After being incident on eye 12, portions of beam 16 will be reflected back through system 10 along axis 18. Part of this reflected light will pass through pin hole 38 of aperture 34 and then be reflected by selectively reflective mirror 30 through filter 28. 50% mirror 26 will direct part of the reflected light along path 72 toward photomultiplier tube 74 where a signal proportional to the intensity of the light reflected from eye 12 is generated. This signal is then transmitted by electrical connection 76 to microprocessor 78 where the signal is used in accordance with a predetermined program for the operation of the imaging system 10.
It is to be appreciated that imaging system 10 is intended to be used with a surgical laser system. Thus, a cutting laser source 80 may be used and incorporated generally as shown in FIG. 1. Preferably, a laser source such as the one disclosed in our co-pending application entitled "Multiwavlength Laser Source" is incorporated. Regardless what source 80 may actually be, the generated cuttng laser beam 82 is to be coaxially aligned with beam 16 in imaging system 10 and confocally focused therewith. More precisely, cutting laser beam 82 and beam 16 can be placed in coaxial alignment and both steered and confocally focused while in such alignment by imaging system 10. It will be appreciated, however, that filter 28 blocks light from cutting laser source 80 to protect light source 14 and photomultiplier 74 from adverse effects which may be caused by cutting laser beam 82.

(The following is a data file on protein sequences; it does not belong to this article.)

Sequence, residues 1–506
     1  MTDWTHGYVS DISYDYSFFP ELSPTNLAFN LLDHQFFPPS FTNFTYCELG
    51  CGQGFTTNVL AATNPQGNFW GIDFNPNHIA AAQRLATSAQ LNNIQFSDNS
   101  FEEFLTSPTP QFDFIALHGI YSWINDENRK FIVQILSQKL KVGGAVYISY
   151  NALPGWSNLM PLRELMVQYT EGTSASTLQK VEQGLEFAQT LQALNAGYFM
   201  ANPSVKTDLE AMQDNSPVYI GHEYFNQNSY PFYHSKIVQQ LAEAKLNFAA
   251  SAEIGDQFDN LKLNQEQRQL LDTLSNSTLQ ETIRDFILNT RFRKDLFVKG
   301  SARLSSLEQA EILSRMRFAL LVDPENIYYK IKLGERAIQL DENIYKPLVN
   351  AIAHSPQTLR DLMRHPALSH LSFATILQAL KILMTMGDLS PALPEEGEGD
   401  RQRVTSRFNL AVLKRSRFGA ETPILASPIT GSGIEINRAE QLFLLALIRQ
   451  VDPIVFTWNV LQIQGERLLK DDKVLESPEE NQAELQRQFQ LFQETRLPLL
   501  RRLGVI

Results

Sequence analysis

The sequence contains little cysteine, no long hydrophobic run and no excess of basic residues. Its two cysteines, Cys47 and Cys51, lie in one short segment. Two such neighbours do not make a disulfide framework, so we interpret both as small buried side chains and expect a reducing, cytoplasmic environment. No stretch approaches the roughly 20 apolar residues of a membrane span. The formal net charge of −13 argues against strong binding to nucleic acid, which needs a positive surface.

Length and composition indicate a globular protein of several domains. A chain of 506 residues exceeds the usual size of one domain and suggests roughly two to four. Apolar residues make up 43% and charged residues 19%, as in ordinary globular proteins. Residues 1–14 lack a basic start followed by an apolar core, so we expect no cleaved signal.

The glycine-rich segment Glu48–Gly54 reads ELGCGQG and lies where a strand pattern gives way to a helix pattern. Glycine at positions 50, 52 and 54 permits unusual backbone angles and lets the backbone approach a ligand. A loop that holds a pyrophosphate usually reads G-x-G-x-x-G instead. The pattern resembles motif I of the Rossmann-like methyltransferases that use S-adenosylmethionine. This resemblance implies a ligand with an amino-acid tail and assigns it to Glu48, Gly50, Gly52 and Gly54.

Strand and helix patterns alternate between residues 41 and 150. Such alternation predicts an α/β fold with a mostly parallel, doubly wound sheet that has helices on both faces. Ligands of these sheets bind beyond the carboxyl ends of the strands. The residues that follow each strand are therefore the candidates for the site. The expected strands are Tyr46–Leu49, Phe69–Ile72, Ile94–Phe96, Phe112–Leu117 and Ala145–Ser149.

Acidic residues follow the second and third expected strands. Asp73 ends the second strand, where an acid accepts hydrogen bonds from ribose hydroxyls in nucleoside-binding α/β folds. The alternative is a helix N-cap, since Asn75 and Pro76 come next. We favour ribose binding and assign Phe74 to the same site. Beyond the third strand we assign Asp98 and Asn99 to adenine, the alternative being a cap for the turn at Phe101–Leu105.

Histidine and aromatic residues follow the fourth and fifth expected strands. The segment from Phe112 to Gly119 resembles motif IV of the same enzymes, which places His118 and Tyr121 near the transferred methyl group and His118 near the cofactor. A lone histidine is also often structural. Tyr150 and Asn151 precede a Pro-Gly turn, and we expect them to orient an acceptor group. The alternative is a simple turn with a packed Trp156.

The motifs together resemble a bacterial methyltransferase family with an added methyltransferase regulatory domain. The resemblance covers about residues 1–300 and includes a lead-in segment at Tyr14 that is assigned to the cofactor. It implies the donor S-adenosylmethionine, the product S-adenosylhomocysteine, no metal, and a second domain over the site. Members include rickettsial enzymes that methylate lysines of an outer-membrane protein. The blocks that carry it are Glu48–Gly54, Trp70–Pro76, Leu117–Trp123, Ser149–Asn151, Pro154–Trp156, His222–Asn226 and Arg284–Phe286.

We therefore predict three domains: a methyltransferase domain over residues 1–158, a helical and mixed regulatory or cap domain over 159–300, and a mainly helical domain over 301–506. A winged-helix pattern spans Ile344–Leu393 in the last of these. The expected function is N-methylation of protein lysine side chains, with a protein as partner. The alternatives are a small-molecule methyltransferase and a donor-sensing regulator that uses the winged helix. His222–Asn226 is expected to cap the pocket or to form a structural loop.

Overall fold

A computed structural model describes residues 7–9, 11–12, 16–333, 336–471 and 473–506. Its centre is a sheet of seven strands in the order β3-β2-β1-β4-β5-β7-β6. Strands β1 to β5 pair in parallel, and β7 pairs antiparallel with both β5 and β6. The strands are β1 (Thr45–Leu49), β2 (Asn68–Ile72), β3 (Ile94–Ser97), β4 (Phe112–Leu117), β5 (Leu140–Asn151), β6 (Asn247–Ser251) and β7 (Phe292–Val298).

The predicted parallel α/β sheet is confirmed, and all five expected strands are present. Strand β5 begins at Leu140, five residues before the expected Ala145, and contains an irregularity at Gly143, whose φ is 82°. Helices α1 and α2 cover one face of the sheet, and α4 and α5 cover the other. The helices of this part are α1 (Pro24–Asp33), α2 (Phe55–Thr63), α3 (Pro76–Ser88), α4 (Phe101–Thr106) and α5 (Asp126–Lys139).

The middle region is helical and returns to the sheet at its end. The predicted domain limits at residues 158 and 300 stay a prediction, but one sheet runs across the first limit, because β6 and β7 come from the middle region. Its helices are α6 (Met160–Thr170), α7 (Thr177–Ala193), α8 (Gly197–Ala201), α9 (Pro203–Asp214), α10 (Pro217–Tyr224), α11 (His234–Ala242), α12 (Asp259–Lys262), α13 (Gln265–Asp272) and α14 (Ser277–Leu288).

Although the actual layout of components for the imaging system 10 is best seen in FIG. 1, its operation is best understood by reference to FIGS. 2 and 3. More specifically, the operation of imaging system 10 is understood by recognizing the way in which it causes a beam 16 to interact with eye 12.
In FIG. 2, a cross-section of cornea 70 is shown with its various layers identified. Specifically, cornea 70 comprises epithelium 84, Bowman's membrane 86, stroma 88, Descemet's membrane 90 and endothelium 92. Together, these layers form the cornea 70 which separates the aqueous humor 94 inside eye 12 behind cornea 70 from the air 96 which is outside eye 12 and in front of corea 70. For purposes of the present invention, the refractive index of air will be taken as 1.00. For all practical purposes, the refractive index of each layer in cornea 70 is the same as the refractive index of every other layer. The value of this refractive index is approximately 1.376. Importantly, the refractive index of aqueous humor 94 is approximately 1.336. Thus, there are discernable differences between the refractive index of air 96 and that of cornea 70, and between the refractive index of cornea 70 and that of aqueous humor 94.